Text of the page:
Research Questions

1) Which aspects of population child mental health have been studied using latent class analysis and is there a corpus of comparable results?

2) What methods have been used to decide on the final number of mental health classes?

3) To what extent are found classes shown to be valid and reliable?


The methodology and inclusion/exclusion criteria were specified in advance and documented in a protocol ( Reference: CRD42017083749).

Eligibility Criteria

Studies Were Included in the Review if They Met the Following Criteria:

• Participants were aged between 4 and 11 years (inclusive).

• A general population sample was used, i.e., the sample was not targeted at or “enriched” for a specific group, such as those with a mental health diagnosis or those identified as being at high risk for developing mental health difficulties.

• Cross-sectional latent class analysis was used with categorical or continuous indicators. Studies that used longitudinal data to create the classes, for example, studies that used latent class growth analysis to create classes of children with specific mental health trajectories, were not included. That was because the longitudinal nature of the data adds another layer of meaning and it would make it difficult to compare results between studies with different designs. However, studies were not excluded purely on the basis of including longitudinal data, for example, studies with distal outcomes were included, as were studies that had carried out latent transition analysis (a longitudinal extension to latent class analysis), providing they reported latent class analyses for each time point separately.

• The LCA analysis used mental health indicators only—mental health indicators could include mental health symptoms and/or subjective wellbeing, as set out in the dual-factor model of mental health (Greenspoon and Saklofske, 2001; Suldo and Shaffer, 2008; Antaramian et al., 2010). If non-mental health indicators were included in the latent class analysis, the study was not included because this would influence the formation of the classes (Berlin et al., 2013) and would not produce subtypes based purely on mental health. Therefore, it would make it impossible to compare study results on a like-for- like basis.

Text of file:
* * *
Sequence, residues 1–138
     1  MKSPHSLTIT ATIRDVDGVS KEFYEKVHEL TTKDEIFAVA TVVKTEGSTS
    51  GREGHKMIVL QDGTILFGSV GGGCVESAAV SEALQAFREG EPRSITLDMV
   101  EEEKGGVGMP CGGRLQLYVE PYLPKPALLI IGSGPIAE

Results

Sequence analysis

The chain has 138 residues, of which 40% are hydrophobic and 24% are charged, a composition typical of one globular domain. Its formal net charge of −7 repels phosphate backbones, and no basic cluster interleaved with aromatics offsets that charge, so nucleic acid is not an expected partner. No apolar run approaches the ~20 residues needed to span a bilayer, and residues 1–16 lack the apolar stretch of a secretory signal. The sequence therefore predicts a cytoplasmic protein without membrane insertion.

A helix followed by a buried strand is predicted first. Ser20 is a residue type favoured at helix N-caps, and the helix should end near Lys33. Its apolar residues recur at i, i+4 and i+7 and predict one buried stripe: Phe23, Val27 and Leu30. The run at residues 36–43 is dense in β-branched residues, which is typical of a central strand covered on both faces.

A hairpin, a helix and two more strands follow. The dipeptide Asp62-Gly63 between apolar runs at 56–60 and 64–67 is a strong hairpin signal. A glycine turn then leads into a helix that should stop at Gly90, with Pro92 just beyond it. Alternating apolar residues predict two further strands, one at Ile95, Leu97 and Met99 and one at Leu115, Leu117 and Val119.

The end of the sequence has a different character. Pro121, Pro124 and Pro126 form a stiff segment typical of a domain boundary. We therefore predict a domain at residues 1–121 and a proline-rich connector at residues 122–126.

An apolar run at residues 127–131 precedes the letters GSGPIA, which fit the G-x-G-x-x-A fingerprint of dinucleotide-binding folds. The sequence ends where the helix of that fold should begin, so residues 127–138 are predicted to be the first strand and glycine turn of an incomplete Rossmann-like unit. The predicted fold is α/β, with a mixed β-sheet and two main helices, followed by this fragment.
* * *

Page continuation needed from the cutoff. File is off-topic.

Studies were excluded if eligibility criteria were not met, if the article was not available in English, or if methods and results were not reported in sufficient detail to assess eligibility and compare studies. As a minimum, studies were required to report the sample age and population from which it was drawn, the mental health indicators used to derive classes, the statistical method(s) employed, the procedure followed for deriving classes, and the name and number of derived classes.

Search Strategy

The search strategy included terms relating to (a) children, (b) latent class or latent profile analysis, and (c) mental health. The search terms were adapted for use with each bibliographic database and their thesaurus and mapping functions (see Supplementary Material S1 for full search terms).

Data Sources

The following electronic bibliographic databases were searched: MEDLINE, EMBASE, PsycINFO, Scopus, ERIC, and ASSIA. In addition, Google Scholar was searched, along with the reference lists of eligible studies and review articles.

To reduce publication bias, research was considered from a variety of sources, including peer reviewed journals, unpublished research, conference papers, and doctoral theses. The database Scopus was chosen because it includes gray literature, and Google Scholar was searched because of its inclusion of a wide range of sources (Haddaway et al., 2015).

Study Selection

Results from the initial searches were saved to Endnote and duplicates were removed. The first author scanned the title and abstract of all remaining records to identify studies that potentially met the inclusion criteria. The second author checked 20% of those to ensure consistency in sorting. The full-text versions of the remaining papers were assessed against the full inclusion and exclusion criteria by the first two authors. Disagreements or ambiguities were resolved through discussion with all authors.

Data Extraction

A data extraction sheet was developed based on the review aims1. Information on sample characteristics, method, and results for each reviewed study were extracted. Study authors were contacted for further information when a potentially eligible study was found, but not enough information was provided for review (e.g., conference abstracts, unpublished thesis; n = 13).

Data Analysis

Data on the aspects of mental health investigated using LCA, the method used for class selection, the findings and evidence for class validity or reliability were compared using summary tables.

Quality Analysis

An adapted version of the Guidelines for Reporting on Latent Trajectory Studies (GRoLTS) checklist (van de Schoot et al., 2017) was used to perform quality assessments for the included studies. The adapted checklist contained 15 yes/no items, such as, “Is the software mentioned,” “Is entropy reported?,” “Are plots/bar charts included with the response patterns of the classes/profiles in the final solution.”2 This checklist was important because clear and transparent reporting is required to be able to interpret and critically appraise results, and draw comparisons between studies.


Study Selection and Characteristics